Other Retirement Income Sources

Other Retirement Income Sources
Other Retirement Income Sources

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Reviewed by David KindnessReviewed by David Kindness

Social Security, for the most part, is the only guaranteed source of retirement income that a lot of Americans can count on. Unfortunately, those government checks don’t provide the level of support that most adults will need during their later years.

The average monthly Social Security benefit for retired workers in May 2024 is $1,916.63. This means that a typical retired individual is bringing in approximately $24,916 per year. Chances are that won’t be enough to cover all their bills, especially if they’re still paying a mortgage.

Unfortunately, many Americans haven’t funded their 401(k)s and IRAs enough to make up the difference. If that’s you, what are other ways to supplement your income during your post-working years? Here are some sources you’ll want to consider.

Key Takeaways

  • The average monthly Social Security check is approximately $1,916.63 a month.
  • Many Americans do not have enough money in their 401(k) or IRA accounts to supplement their Social Security income during retirement.
  • It may be worth investigating additional income streams to ensure you have enough to live on after retirement.
  • Fixed annuities can offer a steady amount of monthly retirement income.
  • Turning a hobby or an in-demand skill into a part-time job can be a way to earn extra money during your retirement years.

Taxable Investments

If you’re fortunate enough to contribute more than the 401(k) and IRA limits allow, taxable investments such as stocks, bonds, and mutual funds are another great way to save for retirement. Index funds and exchange-traded funds (ETFs) are particularly appealing, as they offer low expenses and built-in diversification.

The key is creating an appropriate mix of asset classes. Leaning too heavily on stocks can be risky for people with fewer years to recover from bear markets. However, a portfolio including only fixed-income securities, such as bonds, won’t provide the growth potential that most people need for a longer retirement.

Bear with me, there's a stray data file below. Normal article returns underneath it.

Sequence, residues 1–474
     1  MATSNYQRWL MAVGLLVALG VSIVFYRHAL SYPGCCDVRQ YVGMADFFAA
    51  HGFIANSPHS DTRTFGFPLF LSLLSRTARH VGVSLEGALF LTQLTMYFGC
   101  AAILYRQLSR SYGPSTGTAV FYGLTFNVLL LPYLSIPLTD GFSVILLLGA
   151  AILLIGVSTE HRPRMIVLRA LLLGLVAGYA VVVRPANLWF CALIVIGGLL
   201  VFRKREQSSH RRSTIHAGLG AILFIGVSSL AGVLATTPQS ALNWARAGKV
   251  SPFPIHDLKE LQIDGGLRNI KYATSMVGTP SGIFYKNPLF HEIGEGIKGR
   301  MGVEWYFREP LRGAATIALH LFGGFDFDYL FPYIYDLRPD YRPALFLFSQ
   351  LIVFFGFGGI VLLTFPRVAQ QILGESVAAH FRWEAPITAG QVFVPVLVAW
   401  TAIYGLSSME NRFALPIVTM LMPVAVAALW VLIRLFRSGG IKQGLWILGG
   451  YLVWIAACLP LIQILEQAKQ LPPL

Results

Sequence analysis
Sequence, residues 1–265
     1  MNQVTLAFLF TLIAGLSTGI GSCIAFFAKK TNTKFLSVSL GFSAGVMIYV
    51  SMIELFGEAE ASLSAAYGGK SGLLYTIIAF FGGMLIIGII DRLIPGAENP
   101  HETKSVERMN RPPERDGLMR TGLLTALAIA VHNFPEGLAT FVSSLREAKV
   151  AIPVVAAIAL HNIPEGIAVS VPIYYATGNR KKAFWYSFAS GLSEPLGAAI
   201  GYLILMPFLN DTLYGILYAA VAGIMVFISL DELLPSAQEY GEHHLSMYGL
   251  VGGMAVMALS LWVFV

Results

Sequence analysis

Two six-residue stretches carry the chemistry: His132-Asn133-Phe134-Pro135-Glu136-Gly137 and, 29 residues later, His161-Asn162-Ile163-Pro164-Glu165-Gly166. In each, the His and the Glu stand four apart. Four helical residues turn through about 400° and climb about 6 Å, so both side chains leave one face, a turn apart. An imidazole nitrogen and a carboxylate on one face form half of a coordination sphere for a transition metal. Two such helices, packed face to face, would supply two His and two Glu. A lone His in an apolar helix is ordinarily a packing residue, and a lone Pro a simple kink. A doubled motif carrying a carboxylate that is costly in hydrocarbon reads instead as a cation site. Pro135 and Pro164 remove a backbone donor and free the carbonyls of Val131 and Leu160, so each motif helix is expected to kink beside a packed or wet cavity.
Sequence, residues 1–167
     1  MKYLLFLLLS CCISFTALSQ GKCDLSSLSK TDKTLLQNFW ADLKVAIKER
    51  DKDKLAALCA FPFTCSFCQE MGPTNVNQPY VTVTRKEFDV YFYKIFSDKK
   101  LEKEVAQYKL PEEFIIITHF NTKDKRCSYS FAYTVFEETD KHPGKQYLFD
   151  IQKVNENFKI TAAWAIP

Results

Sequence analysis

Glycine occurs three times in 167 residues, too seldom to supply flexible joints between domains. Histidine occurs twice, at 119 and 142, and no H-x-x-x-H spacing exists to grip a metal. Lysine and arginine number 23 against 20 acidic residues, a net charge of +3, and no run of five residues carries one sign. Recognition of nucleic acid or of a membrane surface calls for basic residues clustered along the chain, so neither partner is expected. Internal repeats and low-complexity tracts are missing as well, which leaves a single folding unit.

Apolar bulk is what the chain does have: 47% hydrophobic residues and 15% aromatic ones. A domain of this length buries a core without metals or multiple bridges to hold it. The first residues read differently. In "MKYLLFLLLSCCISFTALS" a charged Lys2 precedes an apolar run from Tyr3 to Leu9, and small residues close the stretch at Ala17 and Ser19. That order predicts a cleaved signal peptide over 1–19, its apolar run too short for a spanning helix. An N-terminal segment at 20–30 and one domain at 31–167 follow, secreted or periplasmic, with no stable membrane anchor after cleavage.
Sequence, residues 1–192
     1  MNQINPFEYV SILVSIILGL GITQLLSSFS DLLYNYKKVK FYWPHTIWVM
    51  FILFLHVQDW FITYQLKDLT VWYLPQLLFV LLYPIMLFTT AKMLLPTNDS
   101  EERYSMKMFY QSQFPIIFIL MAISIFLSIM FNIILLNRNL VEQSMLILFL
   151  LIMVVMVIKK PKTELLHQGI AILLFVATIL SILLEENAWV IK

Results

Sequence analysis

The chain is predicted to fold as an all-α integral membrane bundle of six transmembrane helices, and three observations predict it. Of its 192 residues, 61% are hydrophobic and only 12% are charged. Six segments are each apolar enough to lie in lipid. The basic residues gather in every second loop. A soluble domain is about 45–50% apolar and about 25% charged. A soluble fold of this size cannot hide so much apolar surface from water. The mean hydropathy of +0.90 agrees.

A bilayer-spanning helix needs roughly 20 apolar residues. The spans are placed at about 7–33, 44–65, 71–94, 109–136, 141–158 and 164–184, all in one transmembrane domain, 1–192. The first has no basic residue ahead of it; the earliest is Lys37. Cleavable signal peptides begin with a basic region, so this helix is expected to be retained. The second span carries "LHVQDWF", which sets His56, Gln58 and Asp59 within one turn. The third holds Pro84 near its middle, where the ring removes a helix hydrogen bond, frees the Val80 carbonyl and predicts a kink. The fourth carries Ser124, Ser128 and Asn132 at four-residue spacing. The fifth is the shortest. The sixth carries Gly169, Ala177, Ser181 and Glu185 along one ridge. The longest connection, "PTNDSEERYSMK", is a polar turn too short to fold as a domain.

A typical rule of thumb is to hold a portion of stocks equal to 110 minus your age. That means a 65-year-old would have a portfolio with 45% of its overall value in stocks and 55% in bonds. Of course, you can make modest adjustments to this formula based on your risk tolerance.


Living a long life may seem like a great proposition, but it’s not so great for your finances. A lot of people don’t have enough assets to support their lifestyle if they make it into their late 80s or 90s.

A fixed annuity, which offers a lifetime income stream at a set rate of interest, is one way to manage that risk. You can even buy deferred annuities that don’t pay out until you reach a certain age. Once they kick in they offer bigger payouts than immediate-annuity products.

Rental Income

Do you have a spare bedroom in your home now that your kids have moved out? Renting it can be an easy way to generate cash every month, as long as you can make peace with your new roommate. Finding people you either know or have good references for can help eliminate headaches down the road. 

Another idea would be downsizing into an apartment or condo while renting out your original home. One of the perks of becoming a landlord is that you can deduct things such as mortgage interest, depreciation, and utilities, lowering your income tax bill.